Recently I was in Fiji and speaking with Sir Graham Henry about what he did specifically to build the All Blacks into one of the most successful sports teams in history, and to create great role models in the process. Their success record is incredible, and what strikes me even more than that is the character of the men who are now retiring from the All Blacks; people like Ma’a Nonu who began his career as a hot-headed immature boy, and finished as a considered and skilled man, a role model.
What Ted told me wasn’t rocket science. Their strategy consisted of:
- Individual performance improvement
- Consensus leadership
- Handling pressure
But if it’s not rocket science, why aren’t more teams that good?
Firstly, when you can’t articulate a strategy you can’t execute on it. If the strategy had been to ‘improve culture’ then nothing would have happened, but because they articulated what ‘improve culture’ looked like, they could execute on it.
Secondly, because most people and companies fail to execute well even when the strategy is clear.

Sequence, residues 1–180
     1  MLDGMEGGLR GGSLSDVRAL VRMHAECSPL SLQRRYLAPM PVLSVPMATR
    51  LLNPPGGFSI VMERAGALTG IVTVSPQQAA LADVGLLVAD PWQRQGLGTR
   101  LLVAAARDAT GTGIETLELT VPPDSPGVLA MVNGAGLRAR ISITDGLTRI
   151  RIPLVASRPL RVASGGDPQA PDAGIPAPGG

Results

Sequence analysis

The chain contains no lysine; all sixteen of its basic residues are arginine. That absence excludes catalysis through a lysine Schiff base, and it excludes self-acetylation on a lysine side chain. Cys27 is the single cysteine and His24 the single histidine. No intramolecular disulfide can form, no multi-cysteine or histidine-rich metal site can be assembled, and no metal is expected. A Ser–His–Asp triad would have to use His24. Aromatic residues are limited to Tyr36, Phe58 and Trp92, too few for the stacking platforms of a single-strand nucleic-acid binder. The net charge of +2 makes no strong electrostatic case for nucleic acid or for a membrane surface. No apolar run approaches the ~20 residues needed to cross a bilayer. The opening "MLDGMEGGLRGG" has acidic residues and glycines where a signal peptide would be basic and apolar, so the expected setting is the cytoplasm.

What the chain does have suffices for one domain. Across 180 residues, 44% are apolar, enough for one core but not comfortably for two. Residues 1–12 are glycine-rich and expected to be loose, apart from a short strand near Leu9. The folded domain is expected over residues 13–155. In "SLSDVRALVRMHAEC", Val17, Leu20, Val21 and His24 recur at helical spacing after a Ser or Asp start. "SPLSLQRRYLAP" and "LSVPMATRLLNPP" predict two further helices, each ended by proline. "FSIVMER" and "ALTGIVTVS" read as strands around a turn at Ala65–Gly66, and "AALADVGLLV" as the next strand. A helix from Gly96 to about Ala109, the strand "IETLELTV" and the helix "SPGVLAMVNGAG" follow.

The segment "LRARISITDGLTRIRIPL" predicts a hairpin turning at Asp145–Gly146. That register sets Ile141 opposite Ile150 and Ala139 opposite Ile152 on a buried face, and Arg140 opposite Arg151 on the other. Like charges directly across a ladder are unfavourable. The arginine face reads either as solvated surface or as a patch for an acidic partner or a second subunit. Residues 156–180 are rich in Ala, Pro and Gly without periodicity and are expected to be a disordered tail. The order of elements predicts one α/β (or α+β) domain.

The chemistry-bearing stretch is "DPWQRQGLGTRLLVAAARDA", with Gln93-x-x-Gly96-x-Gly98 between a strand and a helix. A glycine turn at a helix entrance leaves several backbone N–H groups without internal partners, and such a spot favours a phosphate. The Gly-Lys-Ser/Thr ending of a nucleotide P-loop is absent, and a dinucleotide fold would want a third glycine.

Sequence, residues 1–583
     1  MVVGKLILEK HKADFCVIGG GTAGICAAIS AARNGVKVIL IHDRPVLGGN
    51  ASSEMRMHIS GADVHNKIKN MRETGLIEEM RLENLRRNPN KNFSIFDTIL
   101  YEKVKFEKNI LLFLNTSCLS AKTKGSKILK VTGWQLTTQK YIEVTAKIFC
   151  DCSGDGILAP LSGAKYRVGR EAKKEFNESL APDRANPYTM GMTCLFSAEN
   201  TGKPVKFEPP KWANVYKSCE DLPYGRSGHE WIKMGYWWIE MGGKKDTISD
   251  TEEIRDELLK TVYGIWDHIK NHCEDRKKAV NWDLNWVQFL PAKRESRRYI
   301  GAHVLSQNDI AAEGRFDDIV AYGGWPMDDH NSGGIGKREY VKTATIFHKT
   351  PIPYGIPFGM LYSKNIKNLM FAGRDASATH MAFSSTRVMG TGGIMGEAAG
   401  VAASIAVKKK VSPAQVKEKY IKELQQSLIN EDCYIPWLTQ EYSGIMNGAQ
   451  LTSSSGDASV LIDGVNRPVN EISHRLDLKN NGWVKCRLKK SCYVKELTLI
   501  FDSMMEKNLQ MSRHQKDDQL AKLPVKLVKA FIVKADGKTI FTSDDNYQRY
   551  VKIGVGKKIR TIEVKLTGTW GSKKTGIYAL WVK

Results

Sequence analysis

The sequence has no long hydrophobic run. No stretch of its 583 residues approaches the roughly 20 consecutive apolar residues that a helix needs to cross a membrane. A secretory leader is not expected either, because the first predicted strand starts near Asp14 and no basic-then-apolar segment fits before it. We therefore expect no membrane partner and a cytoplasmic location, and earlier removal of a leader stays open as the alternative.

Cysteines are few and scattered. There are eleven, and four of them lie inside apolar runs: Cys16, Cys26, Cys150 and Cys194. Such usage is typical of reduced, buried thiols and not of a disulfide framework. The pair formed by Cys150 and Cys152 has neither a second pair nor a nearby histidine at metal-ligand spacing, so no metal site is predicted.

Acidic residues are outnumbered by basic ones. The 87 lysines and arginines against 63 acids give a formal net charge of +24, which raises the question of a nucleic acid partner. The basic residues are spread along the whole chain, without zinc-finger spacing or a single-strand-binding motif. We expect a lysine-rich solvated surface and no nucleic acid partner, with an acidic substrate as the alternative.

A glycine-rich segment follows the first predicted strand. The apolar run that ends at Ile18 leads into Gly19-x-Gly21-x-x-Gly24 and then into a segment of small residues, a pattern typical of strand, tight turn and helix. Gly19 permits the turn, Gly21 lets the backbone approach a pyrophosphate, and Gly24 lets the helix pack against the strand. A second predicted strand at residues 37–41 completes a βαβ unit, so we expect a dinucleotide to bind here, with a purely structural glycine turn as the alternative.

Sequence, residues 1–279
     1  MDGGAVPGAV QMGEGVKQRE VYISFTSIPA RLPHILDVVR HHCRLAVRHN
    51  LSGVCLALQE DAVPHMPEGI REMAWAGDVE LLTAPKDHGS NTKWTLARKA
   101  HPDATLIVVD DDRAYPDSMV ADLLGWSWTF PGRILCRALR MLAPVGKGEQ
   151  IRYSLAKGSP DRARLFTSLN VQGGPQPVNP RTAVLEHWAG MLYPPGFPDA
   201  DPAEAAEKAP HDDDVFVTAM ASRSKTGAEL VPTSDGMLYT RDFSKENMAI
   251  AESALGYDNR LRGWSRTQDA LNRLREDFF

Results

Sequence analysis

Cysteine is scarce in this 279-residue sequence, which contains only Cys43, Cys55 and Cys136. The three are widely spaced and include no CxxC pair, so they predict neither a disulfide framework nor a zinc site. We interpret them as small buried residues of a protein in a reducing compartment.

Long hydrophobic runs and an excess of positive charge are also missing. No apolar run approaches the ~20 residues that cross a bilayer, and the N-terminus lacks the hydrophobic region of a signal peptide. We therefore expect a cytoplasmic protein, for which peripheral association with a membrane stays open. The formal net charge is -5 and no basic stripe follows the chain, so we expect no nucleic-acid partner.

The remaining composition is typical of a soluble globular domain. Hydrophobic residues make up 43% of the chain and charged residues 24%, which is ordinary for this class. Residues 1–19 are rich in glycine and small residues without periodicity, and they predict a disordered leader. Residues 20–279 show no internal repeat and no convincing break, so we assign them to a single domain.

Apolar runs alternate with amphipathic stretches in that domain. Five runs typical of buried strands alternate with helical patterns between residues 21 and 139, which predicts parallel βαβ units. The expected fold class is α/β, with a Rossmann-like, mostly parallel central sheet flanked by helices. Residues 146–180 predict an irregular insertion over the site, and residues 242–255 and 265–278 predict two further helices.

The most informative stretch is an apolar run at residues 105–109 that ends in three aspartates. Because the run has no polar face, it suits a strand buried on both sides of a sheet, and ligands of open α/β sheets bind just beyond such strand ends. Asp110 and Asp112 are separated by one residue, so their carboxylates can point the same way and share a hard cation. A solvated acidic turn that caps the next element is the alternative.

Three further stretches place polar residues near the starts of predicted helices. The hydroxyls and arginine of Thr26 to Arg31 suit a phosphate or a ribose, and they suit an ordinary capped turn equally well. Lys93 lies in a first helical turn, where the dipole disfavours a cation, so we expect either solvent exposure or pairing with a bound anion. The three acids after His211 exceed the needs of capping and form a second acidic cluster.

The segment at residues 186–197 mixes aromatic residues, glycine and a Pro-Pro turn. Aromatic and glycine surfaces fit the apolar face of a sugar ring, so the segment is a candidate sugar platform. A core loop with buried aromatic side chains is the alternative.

Exceptional sports team and businesses articulate their strategy then execute on that strategy relentlessly.
As Richie McCaw said to me, “Even when the competition know our strategy, it’s very hard to defend against us when we execute well.
Stop worrying about your competition knowing what you’re up to and invest your energy in execution.
There’s a tendency to gather information, and more information, and more information, indefinitely if a decision is important.
Your next 40 years will be determined by your next ten years.
A mantra I live by in business is, ‘tolerance is the enemy of excellence.’
Functional fixes are not solutions for existential misalignments.
If you’re buying your lunch from someone, what happens if he’s 20cms shorter than you?
It’s almost certain that what’s being agreed isn’t fully understood.
Don’t be a dick.
Five hundred years ago, Michel de Montaigne said: “My life has been filled with terrible misfortune; most of which never happened.”
In tennis, the majority of the game is spent volleying.
I own a wealth management company called MedCapital